Management Tips

Why does The Curse of Knowledge affect our ability to Communicate?

It’s been widely written, thought and blogged about and you can find opinions galore about the topic going as far back as 2007 when Dan and Chip Heath’s book Made to Stick came out. Go check it out. Google away, I did. I will make it easy for you. Just click here. In fact, don’t bother reading the rest of this post because there is surely a ton of similar, if not better and more scientific, opinion on the subject out there. Actually, why not just read the book. Now, there’s an idea. See ya!

Oh, you’re still here?

Well, ok then, here’s my take on that dastardly curse of knowledge and how it wreaks havoc on our ability to communicate effectively. Watch out! It might be simple and maybe even a little different. Don’t be afraid though, it won’t bite.

The curse of knowledge goes something like this:

You know a lot about something and someone else doesn’t.

You try to explain it to them and they don’t get it. Blank stare.

So you try again and they still don’t get it. Even more confusion.

What’s wrong with this picture?

Are you intelligent enough to articulate your ideas? Hell yeah. Is the recipient intelligent to understand you? Of course. You’re both professionals, you’re educated and you’re both successful business types.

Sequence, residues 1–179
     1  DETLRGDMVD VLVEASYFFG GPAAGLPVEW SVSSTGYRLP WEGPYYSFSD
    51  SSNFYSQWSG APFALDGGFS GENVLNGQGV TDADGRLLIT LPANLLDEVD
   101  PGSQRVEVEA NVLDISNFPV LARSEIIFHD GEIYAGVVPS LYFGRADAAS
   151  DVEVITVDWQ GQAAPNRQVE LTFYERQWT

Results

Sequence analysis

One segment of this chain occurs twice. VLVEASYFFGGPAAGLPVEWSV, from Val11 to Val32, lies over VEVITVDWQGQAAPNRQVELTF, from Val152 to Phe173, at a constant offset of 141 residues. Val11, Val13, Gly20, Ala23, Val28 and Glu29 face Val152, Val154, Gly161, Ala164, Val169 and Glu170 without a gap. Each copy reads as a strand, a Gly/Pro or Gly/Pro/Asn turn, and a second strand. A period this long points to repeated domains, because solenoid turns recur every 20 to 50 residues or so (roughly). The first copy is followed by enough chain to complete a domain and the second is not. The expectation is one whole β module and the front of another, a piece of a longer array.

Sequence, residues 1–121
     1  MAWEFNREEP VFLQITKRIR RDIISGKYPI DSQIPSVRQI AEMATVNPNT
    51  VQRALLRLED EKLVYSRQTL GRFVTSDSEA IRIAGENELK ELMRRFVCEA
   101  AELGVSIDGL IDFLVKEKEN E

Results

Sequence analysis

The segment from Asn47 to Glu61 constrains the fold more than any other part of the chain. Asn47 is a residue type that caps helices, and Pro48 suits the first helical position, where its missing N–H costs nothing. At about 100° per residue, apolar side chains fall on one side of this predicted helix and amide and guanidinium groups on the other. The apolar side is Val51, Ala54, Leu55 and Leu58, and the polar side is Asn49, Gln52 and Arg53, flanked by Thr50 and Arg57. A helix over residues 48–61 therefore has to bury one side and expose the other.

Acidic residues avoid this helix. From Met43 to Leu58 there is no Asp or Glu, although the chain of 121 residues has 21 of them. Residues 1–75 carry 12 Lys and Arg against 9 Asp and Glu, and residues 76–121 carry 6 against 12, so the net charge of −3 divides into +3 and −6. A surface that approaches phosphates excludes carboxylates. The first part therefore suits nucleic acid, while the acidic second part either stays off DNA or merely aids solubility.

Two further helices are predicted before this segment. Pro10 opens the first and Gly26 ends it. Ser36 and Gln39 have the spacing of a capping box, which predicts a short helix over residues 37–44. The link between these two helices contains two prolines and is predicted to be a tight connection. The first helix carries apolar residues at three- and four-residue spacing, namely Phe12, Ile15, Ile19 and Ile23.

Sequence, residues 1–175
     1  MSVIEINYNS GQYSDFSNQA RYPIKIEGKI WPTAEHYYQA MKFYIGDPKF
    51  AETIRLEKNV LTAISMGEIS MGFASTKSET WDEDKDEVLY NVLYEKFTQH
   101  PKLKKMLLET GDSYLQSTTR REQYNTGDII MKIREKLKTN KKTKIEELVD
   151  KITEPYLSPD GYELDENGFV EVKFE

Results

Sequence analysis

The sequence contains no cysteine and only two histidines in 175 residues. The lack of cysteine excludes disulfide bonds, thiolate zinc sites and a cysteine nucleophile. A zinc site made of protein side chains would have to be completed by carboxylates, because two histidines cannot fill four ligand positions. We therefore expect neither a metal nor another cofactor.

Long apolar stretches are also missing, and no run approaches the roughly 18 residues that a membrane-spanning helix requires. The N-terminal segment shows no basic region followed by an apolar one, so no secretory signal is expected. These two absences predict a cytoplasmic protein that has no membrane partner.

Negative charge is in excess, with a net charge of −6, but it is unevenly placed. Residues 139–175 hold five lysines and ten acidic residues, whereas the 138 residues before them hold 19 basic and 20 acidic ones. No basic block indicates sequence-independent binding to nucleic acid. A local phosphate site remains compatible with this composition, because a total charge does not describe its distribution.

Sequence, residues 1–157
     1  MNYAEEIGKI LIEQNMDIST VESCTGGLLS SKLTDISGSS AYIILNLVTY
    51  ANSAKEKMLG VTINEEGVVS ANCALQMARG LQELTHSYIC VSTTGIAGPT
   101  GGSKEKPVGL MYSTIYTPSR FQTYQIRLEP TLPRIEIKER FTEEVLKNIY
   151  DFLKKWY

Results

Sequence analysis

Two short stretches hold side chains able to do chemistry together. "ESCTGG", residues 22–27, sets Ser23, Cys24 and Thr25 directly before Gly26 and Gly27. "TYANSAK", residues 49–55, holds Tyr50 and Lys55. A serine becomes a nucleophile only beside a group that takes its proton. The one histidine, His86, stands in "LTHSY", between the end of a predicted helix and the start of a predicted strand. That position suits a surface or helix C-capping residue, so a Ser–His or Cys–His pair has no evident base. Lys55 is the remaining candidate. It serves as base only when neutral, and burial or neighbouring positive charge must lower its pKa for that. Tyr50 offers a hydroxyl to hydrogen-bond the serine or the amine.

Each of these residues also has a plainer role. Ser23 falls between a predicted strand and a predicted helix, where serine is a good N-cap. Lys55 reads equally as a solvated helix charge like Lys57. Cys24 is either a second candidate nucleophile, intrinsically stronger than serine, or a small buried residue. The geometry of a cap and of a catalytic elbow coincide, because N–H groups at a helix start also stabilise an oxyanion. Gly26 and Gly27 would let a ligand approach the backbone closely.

So, what’s up then?

I thought about it a bit and figured when you know something instinctively or have a process in your head that you know so well that it makes it difficult for you to explain it to someone else then you need to break it down into terms that they can understand. That’s essentially it. In terms that someone else can understand. Pretty simple. Now, there are tons of articles on this subject that offer ways to solve this problem. There are lists of actions (try this, try that), examples of words and their counterparts that better define an idea and a lot of fancy language about how the psychological and physiological aspects of human nature play into our ability to communicate the intent of an idea. What? There are even some sites that tease you in with some fancy thoughts and want you to “register” in order to be enlightened because the content is THAT good. Wow!

Well, I’m not going to be able to solve this for you. I’m not even going to try. You’re going to have to do it all by yourself but how about this as an approach?

In terms that someone else can understand.